With a recent study estimating the number of deadly infections that are spread due to the use of unclean needles, the World Health Organization is calling for the adoption of "smart" syringes.
According to its most recent data, improper use of needles infected up to 1.7 million people with hepatitis B, up to 315,000 with hepatitis C and up to 33,800 with HIV in 2010.
The World Health Organization said it hopes that doctor's will transition to using a "smart" syringe, one designed to prevent it from being used more than once to stop disease spread, by 2020. (Photo credit: Shutterstock)
"Smart" syringes, as described by WHO, are designed to protect the person administering the injection and to prevent the syringe from being used more than once:
Some models include a weak spot in the plunger that causes it to break if the user attempts to pull back on the plunger after the injection. Others have a metal clip that blocks the plunger so it cannot be moved back, while in others the needle retracts into the syringe barrel at the end of the injection.
Syringes are also being engineered with features to protect health workers from “needle stick” injuries and resulting infections. A sheath or hood slides over the needle after the injection is completed to protect the user from being injured accidentally by the needle and potentially exposed to an infection.
WHO said it hopes countries will use only "smart" syringes by 2020, unless a specific procedure demands otherwise. WHO acknowledged that at this point "smart" syringes cost at least twice that of traditional models, which are about 3 to 4 cents each.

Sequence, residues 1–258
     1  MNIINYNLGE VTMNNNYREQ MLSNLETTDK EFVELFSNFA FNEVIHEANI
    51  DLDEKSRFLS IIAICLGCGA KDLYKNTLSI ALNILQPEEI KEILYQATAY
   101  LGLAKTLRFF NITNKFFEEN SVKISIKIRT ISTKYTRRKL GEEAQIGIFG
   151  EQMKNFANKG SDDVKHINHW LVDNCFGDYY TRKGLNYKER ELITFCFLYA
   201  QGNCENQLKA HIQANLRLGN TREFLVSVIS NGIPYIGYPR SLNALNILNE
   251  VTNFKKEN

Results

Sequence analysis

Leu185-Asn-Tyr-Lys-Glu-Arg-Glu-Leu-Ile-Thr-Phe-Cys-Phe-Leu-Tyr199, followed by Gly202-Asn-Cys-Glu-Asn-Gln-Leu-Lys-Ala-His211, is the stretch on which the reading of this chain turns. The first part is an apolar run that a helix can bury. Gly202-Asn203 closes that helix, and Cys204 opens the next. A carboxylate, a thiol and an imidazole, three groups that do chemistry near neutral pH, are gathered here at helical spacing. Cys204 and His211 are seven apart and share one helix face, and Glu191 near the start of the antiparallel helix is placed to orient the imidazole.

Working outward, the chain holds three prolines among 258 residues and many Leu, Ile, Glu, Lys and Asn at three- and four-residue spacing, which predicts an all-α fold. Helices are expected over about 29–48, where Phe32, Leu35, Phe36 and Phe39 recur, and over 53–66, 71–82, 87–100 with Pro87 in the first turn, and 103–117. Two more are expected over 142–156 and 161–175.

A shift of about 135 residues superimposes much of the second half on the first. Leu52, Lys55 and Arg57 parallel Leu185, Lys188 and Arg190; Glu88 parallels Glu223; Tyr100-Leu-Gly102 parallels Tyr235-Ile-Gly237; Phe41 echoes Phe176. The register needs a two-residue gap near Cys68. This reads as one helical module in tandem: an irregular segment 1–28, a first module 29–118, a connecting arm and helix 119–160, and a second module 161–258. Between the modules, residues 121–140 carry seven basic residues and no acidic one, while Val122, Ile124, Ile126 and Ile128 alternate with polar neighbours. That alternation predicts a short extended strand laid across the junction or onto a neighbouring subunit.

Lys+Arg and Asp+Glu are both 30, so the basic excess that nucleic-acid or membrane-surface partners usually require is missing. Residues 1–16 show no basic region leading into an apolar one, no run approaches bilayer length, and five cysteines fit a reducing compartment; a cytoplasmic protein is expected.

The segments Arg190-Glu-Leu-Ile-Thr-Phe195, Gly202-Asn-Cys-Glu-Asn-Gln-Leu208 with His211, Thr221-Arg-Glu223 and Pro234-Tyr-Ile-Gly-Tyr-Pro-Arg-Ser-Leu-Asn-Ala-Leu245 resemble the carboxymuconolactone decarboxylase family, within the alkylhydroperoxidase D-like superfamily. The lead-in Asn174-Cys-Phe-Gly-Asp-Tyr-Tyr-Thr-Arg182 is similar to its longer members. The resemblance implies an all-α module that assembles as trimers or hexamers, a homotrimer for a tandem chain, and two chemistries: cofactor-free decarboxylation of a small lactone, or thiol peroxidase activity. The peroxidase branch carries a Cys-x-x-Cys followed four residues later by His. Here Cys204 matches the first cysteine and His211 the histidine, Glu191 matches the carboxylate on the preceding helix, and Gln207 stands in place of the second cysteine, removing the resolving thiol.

Watch this video from the BBC showing how a smart syringe works:
“Adoption of safety-engineered syringes is absolutely critical to protecting people worldwide from becoming infected with HIV, hepatitis and other diseases. This should be an urgent priority for all countries,” Dr. Gottfried Hirnschall, director of the WHO HIV/AIDS Department, said in a statement.
In addition, WHO said some injections are unnecessary to begin with because treatment could be administered orally or through another means.
“We know the reasons why this is happening,” Dr. Edward Kelley, director of the WHO Service Delivery and Safety Department, said in a statement announcing the organization's new policy Monday. "One reason is that people in many countries expect to receive injections, believing they represent the most effective treatment. Another is that for many health workers in developing countries, giving injections in private practice supplements salaries that may be inadequate to support their families.”
Front page image via Shutterstock.